If you were at Washington Institute in 2013, you might remember me. I was one of the women sitting behind the Gift of Life Bone Marrow Registry table calling out to you, “Would you be interested in swabbing your cheek to save a life?”
Back then, I had just finished my time as a legislative intern in the NCJW DC office and was inspired to volunteer in honor of Elissa Froman z’’l, who was, at the time, the senior legislative associate. She was on medical leave during my internship, but I felt her profound impact in the office every day.
I would have been at that same table at Washington Institute this past March as well, but before I could call out to you again, the Gift of Life called out to me.
I have to admit, when my donor coordinator let me know I was a potential match for an unrelated recipient, I wasn’t too surprised; I always had an intuitive feeling that they would call me one day. I also always felt strongly that when they did, I would see the process through as far as it took me. Within 24-hours of receiving my call, I had blood work done and it was sent off to the recipient’s transplant team to determine if I was the best possible match.
Just about one month later, Gift of Life called me again to tell me I’d been selected to donate peripheral blood stem cells (PBSC) to a 39-year-old male with acute myelogenous leukemia (AML). This is sort of like hitting the lottery: only about 1/40 people who are in the registry ever get called as a possible match. Only about 1/380 are selected as the best possible match. Only 1/540 in the registry actually donate their bone marrow or stem cells.
I had all sorts of questions, and Ana, my coordinator, was wonderful in helping answer all of them. I wanted to know if he would get my DNA (yes, but only sort of). I wanted to know if I could have the whole procedure done where I live in Jackson, MS (no, there are places that specialize in these procedures). I wanted to know when my donation would be (as soon as possible, hopefully within the month). After my donation physical, they determined my veins were not strong enough and my donation would happen via a central line in my jugular vein. I was suddenly very scared. Incredibly, Ana put me in touch with someone who’d made her donation in the same way. The woman I spoke with explained exactly what would happen with the procedure and told me about her choice to go through with the donation. Most importantly, she mentioned that even though the central line was unexpected and more intrusive than she’d anticipated when she started the donor process, she would do it again if asked. No question. I was reassured and more resolute in my decision to donate than ever.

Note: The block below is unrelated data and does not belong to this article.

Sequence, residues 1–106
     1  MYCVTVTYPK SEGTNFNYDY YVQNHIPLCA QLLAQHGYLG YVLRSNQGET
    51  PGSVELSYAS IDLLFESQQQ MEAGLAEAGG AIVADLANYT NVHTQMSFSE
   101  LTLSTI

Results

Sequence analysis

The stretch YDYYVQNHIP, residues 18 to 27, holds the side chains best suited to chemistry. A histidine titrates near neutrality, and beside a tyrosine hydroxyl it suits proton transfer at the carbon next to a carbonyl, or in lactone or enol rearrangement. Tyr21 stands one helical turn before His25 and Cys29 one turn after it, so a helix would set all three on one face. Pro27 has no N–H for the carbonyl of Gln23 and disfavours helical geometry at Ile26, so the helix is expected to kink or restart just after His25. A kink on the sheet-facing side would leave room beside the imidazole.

Finally, donation day came. My dad graciously drove up from Columbus to meet me in Detroit, where I was to have the procedure. We checked in at the hospital, I had my line placed, and was wheeled up to the apheresis room at Karmanos Cancer Center. PBSC is collected via apheresis; essentially blood is drawn from the body just like any blood donation, then filtered through an apheresis machine and spun such that it separates into different levels. The level with the blood-forming cells are stored and the rest is heated and returned to the body.
During the actual donation, it did not feel like what I was doing was that special – I could see the tube with the blood going out and another with the blood coming back in. It was all very clinical. The standout moment for me came at the end, when I saw my cells get put into a cooler. The bag my cells were in noted that they would expire within 24 hours and there was a courier standing by. I knew that as soon as that courier got the bag, he was headed to the airport to deliver hope for recovery to someone eagerly anticipating its arrival. My job was over. It was up to my little stem cells, my little donation to go save a life.
Had it not been for NCJW or Elissa’s memory. This moment might not have come to be. The Mishnah Sanhedrin 37a teaches that if you save one life, it is as if you saved the world. I am no Talmud scholar, but the mere possibility of saving just one life seems like the most important opportunity I will ever have.
Leah Apothaker is an Education Fellow at the Goldring/Woldenberg Institute of Southern Jewish Life in Jackson, MS. She is a Life Member of the Columbus Section and looks forward to joining the San Antonio Section when she becomes the Director of Congregational Learning at Temple Beth El in July.